ILF banks cannot quickly change their lending volumes. Because deposits are savings, and savings are a predetermined variable, they can only decline gradually over time, mainly by households increasing their consumption or reducing their labour supply. Banks therefore keep lending to borrowers that have become much riskier, and to compensate for this they increase their lending spread, by over 400 basis points on impact.

FMC banks can instantaneously and massively change their lending volume, because lending and deposits are jump variables. We observe a large and discrete drop in the size of banks’ balance sheets, of around 8 percent on impact in a single quarter (with almost no initial change in the ILF model), as deposits and loans shrink simultaneously. Because, ceteris paribus, this cutback in lending reduces borrowers’ loan-to-value ratios and therefore the riskiness of the remaining loans, banks only increase their lending spread by around 200 basis points on impact. A large part of their response, consistent with the data for many developed economies, is therefore in the form of quantity rationing rather than changes in spreads. This is also evident in the behaviour of bank leverage. In the ILF model leverage increases on impact because immediate net worth losses dominate the gradual decrease in loans. In the FMC model leverage remains constant (and for smaller shocks it drops significantly), because the rapid decrease in lending matches the change in net worth. In other words, in the FMC model bank leverage is acyclical (or procyclical), again as in the data, while in the ILF model it is countercyclical.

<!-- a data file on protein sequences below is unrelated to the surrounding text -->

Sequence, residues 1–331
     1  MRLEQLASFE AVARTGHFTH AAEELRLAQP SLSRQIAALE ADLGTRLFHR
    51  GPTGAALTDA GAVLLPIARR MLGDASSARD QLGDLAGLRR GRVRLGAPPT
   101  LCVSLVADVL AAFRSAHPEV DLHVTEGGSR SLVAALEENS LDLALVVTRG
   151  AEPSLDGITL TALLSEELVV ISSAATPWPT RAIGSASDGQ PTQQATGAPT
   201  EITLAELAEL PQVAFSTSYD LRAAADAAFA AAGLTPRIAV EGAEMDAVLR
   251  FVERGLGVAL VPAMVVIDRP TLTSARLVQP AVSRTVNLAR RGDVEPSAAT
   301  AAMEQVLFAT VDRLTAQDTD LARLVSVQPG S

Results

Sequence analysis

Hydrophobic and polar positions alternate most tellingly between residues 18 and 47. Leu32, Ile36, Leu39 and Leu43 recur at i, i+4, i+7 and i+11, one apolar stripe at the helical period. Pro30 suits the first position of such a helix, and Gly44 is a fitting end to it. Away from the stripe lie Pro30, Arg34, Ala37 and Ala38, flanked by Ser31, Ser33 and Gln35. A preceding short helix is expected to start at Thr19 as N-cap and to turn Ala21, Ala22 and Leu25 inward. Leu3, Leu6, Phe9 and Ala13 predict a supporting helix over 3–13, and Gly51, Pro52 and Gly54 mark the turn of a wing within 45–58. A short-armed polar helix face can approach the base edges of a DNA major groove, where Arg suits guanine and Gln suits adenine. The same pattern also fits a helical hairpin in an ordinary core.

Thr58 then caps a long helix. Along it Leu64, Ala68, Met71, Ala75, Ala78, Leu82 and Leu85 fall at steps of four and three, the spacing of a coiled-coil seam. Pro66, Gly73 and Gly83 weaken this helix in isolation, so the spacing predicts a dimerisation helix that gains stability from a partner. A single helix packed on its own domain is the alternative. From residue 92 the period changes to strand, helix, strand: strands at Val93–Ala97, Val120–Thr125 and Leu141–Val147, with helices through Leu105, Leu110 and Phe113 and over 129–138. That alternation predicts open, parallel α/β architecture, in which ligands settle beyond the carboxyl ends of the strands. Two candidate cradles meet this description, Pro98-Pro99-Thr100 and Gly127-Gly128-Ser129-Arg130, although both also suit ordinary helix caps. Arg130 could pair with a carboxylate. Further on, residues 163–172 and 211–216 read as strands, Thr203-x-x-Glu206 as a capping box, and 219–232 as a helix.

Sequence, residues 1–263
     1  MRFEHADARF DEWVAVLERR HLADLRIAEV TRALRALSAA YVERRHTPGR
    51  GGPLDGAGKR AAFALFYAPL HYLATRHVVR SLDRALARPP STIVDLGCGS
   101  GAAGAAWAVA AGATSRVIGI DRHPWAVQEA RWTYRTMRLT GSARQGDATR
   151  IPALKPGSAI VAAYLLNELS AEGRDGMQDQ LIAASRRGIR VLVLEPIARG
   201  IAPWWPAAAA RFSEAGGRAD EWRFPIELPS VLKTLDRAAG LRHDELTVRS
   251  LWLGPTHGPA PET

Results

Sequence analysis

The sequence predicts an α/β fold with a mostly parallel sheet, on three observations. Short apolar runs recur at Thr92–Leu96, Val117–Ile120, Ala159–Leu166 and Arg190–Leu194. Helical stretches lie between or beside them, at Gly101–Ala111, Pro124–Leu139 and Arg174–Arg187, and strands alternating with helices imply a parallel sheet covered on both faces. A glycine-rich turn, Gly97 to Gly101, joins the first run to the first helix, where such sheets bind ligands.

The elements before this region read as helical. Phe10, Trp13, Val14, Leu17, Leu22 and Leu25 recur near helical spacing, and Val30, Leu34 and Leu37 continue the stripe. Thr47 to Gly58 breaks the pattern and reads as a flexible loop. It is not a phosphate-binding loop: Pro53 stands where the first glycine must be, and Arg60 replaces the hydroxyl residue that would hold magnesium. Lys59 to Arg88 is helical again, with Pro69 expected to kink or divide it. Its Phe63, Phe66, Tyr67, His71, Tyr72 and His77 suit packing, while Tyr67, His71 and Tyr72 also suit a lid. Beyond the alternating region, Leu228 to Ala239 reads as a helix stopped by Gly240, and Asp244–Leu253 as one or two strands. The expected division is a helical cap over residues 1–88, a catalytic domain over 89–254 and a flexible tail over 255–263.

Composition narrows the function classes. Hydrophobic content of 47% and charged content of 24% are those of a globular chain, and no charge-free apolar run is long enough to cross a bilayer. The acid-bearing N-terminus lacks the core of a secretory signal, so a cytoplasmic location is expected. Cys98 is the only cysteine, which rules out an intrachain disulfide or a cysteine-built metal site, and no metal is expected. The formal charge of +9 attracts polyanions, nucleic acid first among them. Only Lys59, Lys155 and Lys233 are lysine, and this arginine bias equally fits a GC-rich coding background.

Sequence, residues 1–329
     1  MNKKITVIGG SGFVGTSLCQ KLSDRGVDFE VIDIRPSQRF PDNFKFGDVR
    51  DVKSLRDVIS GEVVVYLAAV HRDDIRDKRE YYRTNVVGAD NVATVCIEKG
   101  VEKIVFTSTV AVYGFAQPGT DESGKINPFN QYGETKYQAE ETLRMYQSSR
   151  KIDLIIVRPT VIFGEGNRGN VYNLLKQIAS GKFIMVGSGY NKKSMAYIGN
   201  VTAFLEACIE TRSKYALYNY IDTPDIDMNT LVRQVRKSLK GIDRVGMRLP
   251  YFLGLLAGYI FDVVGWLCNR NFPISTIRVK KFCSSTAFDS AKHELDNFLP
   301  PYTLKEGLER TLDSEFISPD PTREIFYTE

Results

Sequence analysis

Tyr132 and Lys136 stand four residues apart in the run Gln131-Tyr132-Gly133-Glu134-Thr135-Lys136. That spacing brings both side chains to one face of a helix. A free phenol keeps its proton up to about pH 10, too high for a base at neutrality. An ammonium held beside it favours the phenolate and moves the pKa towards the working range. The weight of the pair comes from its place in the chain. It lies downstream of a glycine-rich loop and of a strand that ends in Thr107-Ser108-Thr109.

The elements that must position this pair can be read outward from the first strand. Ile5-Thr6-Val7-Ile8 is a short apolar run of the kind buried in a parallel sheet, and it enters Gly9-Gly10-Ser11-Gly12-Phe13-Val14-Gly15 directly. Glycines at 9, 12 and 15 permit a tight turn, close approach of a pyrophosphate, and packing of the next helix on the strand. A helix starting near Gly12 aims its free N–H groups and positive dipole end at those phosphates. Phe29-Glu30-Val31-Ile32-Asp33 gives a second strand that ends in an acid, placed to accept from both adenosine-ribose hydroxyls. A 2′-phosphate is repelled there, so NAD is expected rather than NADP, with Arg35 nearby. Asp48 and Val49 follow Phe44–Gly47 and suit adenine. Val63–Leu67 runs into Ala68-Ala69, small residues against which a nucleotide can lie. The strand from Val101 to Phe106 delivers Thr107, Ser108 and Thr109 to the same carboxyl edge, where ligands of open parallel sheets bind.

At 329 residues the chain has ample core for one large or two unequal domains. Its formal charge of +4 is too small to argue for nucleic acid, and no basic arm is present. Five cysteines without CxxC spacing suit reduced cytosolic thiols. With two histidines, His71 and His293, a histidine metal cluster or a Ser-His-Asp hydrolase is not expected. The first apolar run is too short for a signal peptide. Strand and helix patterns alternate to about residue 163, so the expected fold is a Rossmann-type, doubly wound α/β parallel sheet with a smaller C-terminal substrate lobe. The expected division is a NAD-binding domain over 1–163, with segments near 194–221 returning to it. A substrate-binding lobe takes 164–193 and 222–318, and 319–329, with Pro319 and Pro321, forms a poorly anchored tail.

As for the effects on the real economy, the contraction in GDP in the FMC model is more than twice as large as in the ILF model, as investment drops more strongly than in the ILF model, and consumption decreases, while it increases in the ILF model.

To summarize, banks are not intermediaries of real loanable funds, they do not collect new deposits from non-bank savers. Instead they provide financing, they create new deposits for their borrowers. This involves the expansion or contraction of gross bookkeeping positions on bank balance sheets, rather than the channelling of real resources through banks. Replacing intermediation of loanable funds models with financing and money creation models is therefore necessary simply in order to correctly represent the role of banks in the macroeconomy. But it also addresses several of the empirical problems of existing banking models.

Authors: Zoltan Jakab works at the International Monetary Fund and Michael Kumhof works in the Bank’s Research Hub.